Do You Nomi? Blog #4
Blog Entry #4:
Do You Nomi?
Although "SAGA" is far from a true story, it is inspired and influenced by myriad sources. Those who know me will know that I can't help but be influenced by David Bowie, with whom I've been obsessed since my childhood thanks to "Labyrinth". But there are many more direct parallels in this show. SAGA follows the story of Aleric Volsung, a gay German singer living through the AIDS crisis, who has operatic ambitions and flamboyant performances. Many of Aleric's qualities mirror those of Klaus Nomi, the real-life Bavarian counter-tenor/flamboyant performance artist who actually performed in a camp version of Wagner's Rhinegold in the early 70's. From the late 70's through his AIDS-related death in the early 80's, Nomi became an important figure in the New York City arts scene, performing arias, pop covers and original songs with his band. If you aren't familiar, he is well worth a YouTube search.
Klaus Nomi was clearly a fringe act, in his time. And he died too soon, succumbing to AIDS in 1983, but other unusual musicians would soon rise to prominence. Another inspiration for Aleric is Boy George. I still find it striking that Culture Club reached the renown it did in this polarized cultural landscape. Aleric is sort of a Klaus Nomi act on a Boy George level of renown.
SAGA also features my own musical depictions of actual figures from the time period. In our upcoming concert reading, people will see the stiff upper lip of Margaret Thatcher. And though there is a song in the show entitled "Iron Lady", I promise you: I wrote it before I was aware of the eponymous Meryl Streep vehicle.
But another huge influence on the show is my personal fascination with the origins and evolution of HIV/AIDS within our culture. AIDS hasn't been around very long. It's only a few years older than me, and yet the damage it's wrought has been immeasurable. When I was in public school health class, all I remember hearing about was AIDS. I remember feeling absolutely terrorized by the very notion of AIDS. Think about how nightmarish it was in those early years!
I have often imagined what my life would have been like if I'd been born a little earlier and had to face the shocking suddenness of the disease. It appeared from nowhere and devastated the gay community. When I talk to my elders, I often hear tales of lost loves, of entire groups of friends entirely obliterated by the disease. Moreover, I think of the detractors... I think of the evangelicals who preach that God Hates Fags and how vindicated they must have been at the way this disease spread among the gay community. Granted, I realize I'm not the first person to write a piece of theatre dealing with AIDS... Trey Parker and Matt Stone lampooned the very idea in "Team America: World Police", with the song "Everyone Has AIDS". But, unlike "Rent", "Falsettoes" and other shows that deal with AIDS, SAGA has a significant amount of distance from the period being depicted. The world is very different today and SAGA certainly looks at the recent past with an eye on the present and how things were to turn out.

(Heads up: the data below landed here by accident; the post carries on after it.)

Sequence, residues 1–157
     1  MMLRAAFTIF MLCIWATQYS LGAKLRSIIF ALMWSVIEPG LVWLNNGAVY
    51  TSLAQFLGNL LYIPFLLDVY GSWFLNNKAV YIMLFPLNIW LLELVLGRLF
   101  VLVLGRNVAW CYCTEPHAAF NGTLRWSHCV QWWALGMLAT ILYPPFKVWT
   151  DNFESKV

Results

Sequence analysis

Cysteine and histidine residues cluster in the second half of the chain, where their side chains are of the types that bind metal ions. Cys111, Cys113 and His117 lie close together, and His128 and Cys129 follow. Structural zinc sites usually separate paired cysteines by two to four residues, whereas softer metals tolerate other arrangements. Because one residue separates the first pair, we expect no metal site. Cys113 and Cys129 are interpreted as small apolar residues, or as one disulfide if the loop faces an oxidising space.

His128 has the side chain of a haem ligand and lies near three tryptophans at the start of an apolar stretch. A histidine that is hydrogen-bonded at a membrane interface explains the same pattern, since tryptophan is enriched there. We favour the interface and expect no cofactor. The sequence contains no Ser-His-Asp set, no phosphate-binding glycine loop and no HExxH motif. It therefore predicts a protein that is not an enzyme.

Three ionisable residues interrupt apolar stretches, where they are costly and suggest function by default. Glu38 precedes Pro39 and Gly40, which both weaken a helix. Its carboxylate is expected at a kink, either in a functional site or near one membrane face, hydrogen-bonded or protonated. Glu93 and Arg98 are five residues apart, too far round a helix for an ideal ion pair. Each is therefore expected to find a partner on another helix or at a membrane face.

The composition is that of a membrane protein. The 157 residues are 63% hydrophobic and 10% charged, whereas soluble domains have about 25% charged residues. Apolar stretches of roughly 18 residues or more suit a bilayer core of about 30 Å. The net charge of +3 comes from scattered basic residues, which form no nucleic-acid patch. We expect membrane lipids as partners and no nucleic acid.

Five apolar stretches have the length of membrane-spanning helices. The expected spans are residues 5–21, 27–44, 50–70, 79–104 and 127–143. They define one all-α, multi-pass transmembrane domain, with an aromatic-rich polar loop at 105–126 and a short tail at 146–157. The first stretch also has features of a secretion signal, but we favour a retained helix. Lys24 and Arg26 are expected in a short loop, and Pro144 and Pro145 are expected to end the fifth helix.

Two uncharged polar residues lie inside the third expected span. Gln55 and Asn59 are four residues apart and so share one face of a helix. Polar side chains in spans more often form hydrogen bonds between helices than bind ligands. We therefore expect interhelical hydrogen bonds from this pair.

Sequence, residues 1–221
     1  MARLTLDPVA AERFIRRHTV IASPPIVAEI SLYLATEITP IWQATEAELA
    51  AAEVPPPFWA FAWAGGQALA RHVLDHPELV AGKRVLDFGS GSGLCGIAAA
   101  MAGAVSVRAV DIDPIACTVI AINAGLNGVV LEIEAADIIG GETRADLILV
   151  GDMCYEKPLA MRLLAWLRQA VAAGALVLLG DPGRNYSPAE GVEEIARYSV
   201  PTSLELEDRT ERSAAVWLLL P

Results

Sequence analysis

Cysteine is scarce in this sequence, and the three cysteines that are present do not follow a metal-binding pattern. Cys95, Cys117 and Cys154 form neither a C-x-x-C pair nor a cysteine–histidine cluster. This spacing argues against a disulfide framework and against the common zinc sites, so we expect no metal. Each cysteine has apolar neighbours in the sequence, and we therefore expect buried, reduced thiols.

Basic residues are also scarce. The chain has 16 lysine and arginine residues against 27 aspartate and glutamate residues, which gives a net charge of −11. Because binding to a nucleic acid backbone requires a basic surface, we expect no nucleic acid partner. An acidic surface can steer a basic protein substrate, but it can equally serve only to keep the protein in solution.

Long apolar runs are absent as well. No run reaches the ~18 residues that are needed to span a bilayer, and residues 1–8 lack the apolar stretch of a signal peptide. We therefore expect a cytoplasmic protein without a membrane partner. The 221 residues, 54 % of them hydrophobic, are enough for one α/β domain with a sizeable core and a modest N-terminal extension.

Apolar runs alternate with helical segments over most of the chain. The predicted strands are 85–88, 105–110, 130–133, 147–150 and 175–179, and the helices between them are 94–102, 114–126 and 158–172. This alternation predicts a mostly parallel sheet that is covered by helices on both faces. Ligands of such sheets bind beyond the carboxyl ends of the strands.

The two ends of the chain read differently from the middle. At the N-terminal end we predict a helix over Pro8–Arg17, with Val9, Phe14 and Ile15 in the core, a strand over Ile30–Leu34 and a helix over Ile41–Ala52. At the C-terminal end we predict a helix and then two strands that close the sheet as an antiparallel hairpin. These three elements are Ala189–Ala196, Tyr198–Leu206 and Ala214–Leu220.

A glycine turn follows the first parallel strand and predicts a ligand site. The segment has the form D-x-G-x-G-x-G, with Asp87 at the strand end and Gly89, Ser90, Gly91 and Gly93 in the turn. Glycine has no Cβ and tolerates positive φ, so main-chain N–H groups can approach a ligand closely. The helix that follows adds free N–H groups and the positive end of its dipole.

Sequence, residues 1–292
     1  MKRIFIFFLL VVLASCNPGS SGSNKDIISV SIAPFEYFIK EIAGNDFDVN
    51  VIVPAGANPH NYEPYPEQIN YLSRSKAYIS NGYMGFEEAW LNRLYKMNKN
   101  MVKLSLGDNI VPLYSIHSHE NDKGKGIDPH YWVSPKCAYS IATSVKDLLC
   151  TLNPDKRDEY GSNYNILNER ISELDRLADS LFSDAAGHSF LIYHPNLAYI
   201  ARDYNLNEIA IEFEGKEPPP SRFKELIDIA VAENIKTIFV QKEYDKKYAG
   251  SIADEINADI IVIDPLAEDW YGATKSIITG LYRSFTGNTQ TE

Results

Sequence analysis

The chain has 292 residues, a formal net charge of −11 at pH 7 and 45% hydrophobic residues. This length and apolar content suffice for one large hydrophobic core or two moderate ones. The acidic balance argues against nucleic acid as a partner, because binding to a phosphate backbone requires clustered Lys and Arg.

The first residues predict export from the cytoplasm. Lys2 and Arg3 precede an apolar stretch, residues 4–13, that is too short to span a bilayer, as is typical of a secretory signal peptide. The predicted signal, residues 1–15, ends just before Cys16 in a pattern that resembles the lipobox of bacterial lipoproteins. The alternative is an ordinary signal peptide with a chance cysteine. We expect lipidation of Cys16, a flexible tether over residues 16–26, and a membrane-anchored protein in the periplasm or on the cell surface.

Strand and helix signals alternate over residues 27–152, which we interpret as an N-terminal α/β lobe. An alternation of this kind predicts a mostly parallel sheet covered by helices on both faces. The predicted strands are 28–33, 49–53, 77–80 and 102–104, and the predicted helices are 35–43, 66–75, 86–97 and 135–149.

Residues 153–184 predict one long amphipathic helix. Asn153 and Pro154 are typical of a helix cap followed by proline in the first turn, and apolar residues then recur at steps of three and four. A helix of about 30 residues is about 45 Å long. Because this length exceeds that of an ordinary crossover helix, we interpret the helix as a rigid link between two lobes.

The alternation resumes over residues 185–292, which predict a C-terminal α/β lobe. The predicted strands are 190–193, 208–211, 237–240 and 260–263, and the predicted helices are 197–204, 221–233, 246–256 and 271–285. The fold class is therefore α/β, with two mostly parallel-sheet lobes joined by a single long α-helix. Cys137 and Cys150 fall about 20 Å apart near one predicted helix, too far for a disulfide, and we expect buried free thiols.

SAGA is not about AIDS or HIV, in my opinion. But the disease factors into the plot in a very significant way. It was another dark, dark part of that decade that was abysmally mishandled and we are still suffering for it today. For all the information disseminated and all the medical advances made; the stigma has changed very little. I have more than a few people in my life who are HIV positive. People whom I love and respect. The issues that they face daily from without and within trouble me greatly and were a huge reason I wrote this piece the way I did.
In my next entry, I'll let you all in on a bit of the rehearsal process as we plough toward production! For the saga of SAGA is far from over...
Resident Artist 2012